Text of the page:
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Sorry for taking so long to answer. I had written the answer and then I hit a button and lost everything. I was so frustrated and needed to calm down before rewriting.

I feel much better today because “the day” is over and because you helped me see other things in life.

Hi Gayle,

You are right on the dot. Yes, yes, yes, I would be further along in recovery. As a matter of fact I would like to be cured but my reality is different.


It is very hard to admit openly that I am disabled and I have decided that if I want to have an active life I have to do so. In a way I feel like an inposter because when I am at home I don’t use the wheelchair because I can lay on the floor or I can take all the time I need to recuperate when I faint. It’s funny how we think sometimes!


Thanks for telling me a have a wonderful spirit. It’s nice to see how other people perceive us.


I did find some nice clothes! I bought a coat with a fur lining. You know how cold it gets here in the winter –35 F. I am cant of eager to see if the coat will help me out but I can wait a few more weeks before the temperature gets low enough. I hope that with this coat I will be more cold tolerant. My husband got a suit. Yeah, I am getting a “character”.


When I started to get acutely sick 4 years ago I though I would be cured in 2 weeks, then 6 months, then I did not know anymore. Thanks for making me realise that I made another step. You are very insightful.


You are right. I could have never done that without the wheelchair. My husband what happy that we were able to go out together and not have any “incident”. I will try it again!


I remember when I got the POTS diagnosis and the doctor telling me that it was not a fatal disorder. I looked at him meaning: “Do you think that I feel better because I have a normal life expectancy?” There are things like that that we will never forget!


I like the idea about celebrating our member anniversary day. This is something I had to learn, to reach out to the others to ask for help. I had always been the caregiver!


I usually meet nice people, at least when I go to doctors’ place. Maybe the woman was stressed out because of the x-mas shopping or other personal issues!


I don’t have social phobia but I am afraid to hurt myself or get mugged if I faint in public. I avoid as much as possible crossing streets alone. Many of my therapists have told me that they don’t want to treat me anymore because of all the syncopes so I am kind of stuck with cancelling at the last minute because I am too sick (and risk being fired) or going and fainting (and risk being fired). In any way I feel I am loosing out because people don’t understand. A month ago I was going to an acupuncturist and I cancelled my appointment 1 hour before the time because I had just fainted at home. He insisted that I find someone to go later during the day. I kept telling him that I had diarrhea and my periods but he was so upset that I was cancelling. I had 2 floors to walk to get to his office and I kept telling him that I would not be able to go up. The following week I was OK but when he did the treatment he triggered an adrenaline rush. I told him that I was not able to walk to my car but he insisted that I leave his house. So I fainted down the street. He told me that it was because I got up too fast! So when I went to see him the week after he asked me to cancel 24 hours ahead of time. Yeah, sure, as if I am going to know 24 hours ahead of time when I am going to faint. So I stopped going to see him.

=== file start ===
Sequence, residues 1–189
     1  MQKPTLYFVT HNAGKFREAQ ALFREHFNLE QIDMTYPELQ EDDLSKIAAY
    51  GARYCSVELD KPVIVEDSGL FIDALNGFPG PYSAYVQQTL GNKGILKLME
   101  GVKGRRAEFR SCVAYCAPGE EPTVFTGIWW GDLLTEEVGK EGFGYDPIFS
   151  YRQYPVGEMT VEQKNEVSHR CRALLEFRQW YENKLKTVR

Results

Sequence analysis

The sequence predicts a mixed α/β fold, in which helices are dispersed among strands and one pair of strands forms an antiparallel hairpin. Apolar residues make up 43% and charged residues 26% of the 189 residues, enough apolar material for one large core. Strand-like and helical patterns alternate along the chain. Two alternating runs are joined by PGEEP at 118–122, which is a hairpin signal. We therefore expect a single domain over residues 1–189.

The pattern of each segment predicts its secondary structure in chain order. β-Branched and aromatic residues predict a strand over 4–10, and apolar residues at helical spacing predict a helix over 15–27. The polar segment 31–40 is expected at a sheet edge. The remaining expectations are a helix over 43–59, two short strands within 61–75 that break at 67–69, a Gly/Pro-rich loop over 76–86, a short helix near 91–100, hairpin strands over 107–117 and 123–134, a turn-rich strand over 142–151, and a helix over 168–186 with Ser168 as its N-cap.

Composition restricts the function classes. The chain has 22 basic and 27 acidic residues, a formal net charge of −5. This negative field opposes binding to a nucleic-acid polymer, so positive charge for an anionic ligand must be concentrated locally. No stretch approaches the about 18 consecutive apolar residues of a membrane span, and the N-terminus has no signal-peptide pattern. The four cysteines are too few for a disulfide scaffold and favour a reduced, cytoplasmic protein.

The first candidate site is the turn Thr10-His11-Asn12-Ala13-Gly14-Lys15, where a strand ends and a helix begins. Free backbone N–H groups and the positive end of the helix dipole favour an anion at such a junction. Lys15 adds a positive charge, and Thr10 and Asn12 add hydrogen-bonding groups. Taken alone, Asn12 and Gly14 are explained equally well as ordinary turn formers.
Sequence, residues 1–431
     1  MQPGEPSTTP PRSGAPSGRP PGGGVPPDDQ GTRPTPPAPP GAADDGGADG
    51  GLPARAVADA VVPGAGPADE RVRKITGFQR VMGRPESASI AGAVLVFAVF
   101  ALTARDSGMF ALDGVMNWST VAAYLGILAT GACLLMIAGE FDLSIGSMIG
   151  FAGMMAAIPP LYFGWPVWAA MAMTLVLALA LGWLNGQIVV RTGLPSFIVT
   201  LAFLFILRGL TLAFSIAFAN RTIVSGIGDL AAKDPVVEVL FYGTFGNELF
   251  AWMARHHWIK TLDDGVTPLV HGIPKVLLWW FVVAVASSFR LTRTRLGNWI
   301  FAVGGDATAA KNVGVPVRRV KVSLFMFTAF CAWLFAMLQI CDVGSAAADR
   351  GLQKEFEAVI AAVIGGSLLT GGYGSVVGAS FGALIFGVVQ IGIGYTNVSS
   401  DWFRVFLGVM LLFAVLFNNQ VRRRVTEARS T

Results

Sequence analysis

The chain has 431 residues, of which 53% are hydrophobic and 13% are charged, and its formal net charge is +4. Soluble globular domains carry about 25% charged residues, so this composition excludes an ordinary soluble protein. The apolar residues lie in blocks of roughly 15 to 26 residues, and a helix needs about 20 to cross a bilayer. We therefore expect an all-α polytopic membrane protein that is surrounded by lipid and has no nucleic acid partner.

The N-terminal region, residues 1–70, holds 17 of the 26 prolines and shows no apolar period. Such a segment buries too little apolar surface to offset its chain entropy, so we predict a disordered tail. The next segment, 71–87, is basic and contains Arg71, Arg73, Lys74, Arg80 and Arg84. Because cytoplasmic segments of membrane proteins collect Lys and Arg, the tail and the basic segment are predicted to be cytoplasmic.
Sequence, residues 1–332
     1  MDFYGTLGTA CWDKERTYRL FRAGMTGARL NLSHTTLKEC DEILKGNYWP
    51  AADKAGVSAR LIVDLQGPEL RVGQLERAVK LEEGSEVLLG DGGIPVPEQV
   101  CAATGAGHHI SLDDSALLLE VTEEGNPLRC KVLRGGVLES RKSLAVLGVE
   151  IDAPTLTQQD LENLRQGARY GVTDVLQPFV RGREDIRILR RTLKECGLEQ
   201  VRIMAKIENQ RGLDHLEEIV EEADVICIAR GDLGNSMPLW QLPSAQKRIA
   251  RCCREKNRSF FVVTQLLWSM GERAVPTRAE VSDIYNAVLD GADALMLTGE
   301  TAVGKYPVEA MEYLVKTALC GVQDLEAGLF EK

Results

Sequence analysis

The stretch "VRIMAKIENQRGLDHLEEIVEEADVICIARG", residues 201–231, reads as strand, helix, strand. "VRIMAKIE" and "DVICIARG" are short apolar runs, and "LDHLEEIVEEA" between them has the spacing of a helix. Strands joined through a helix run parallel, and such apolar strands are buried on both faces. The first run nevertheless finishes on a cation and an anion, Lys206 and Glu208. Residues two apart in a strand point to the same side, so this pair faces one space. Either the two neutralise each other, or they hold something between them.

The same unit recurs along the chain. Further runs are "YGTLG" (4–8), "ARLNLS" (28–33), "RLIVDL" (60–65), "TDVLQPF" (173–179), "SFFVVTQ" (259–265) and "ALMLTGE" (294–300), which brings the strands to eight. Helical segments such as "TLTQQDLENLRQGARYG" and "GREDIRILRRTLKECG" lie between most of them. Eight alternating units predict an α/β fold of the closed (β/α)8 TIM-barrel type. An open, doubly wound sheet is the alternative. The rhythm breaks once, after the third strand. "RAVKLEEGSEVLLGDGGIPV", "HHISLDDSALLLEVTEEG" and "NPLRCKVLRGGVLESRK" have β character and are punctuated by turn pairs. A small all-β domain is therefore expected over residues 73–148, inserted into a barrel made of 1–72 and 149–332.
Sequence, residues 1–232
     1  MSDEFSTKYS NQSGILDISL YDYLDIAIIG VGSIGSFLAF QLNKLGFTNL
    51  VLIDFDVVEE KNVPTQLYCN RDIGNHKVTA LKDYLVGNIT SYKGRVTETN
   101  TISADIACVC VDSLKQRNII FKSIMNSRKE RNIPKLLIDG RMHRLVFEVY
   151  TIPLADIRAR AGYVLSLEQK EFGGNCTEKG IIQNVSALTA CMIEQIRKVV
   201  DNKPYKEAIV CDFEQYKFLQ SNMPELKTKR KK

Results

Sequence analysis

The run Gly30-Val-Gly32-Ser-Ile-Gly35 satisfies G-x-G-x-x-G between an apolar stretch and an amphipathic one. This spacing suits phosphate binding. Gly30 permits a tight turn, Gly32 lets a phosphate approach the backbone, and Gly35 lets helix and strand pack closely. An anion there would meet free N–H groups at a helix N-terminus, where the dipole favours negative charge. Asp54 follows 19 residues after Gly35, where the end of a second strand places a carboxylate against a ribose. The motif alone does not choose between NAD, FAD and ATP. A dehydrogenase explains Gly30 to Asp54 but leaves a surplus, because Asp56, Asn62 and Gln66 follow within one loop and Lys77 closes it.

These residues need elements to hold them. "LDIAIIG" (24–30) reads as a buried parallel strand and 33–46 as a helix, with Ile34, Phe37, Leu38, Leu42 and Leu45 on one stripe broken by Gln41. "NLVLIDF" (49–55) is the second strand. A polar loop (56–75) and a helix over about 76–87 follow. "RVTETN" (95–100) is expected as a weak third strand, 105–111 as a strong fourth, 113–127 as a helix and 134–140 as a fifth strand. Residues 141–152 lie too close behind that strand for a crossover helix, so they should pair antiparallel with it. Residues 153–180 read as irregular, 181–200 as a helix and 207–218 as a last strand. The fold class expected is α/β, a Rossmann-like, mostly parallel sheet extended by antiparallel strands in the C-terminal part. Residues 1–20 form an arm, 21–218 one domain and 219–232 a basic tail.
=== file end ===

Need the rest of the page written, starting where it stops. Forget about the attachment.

Thanks for the nice poem. You just made me realise that I kept some cloth because of the emotional souvenir. For example, one dress I keep because this is the one I used to wear when I went to ballroom dancing. Guess what, I was able to throw away a full garbage bag of cloth after reading your poem.


I really like the example you gave me about your friend. I think I will use this line whenever someone says that I can stand. The other day at the store a few people looked at me when they say me stand. Nobody said anything but I could see their surprise in their eyes. Like you said we don’t have to be crippled to be disabled!


When I left the house Saturday morning I thought it would be an easy job since I was in the wheelchair. I was surprised that I had to lay down in my wheelchair and that when I came home I was so exhausted. But I am proud of myself to have succeeded. I got some new clothes!

Good night


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Briarrose and Ernie!

Thank you! My friend, Lara, has OI (Osteogenesis Imperfecta; had to look that spelling up :) ), which means that there is not enough collagen in her bones. Her bones break and fracture extremely easily, but from the outside she looks completely healthy. Even though she has had this since she was a child, she often finds it very difficult to face the world in a wheelchair. She is one of the smartest and kindest people I know, so it is just such a shame that some people make false presumptions about her. Ernie, even though it is for a different reason, your situation seems a lot like hers. I'm here if you want or need additional support with this. :)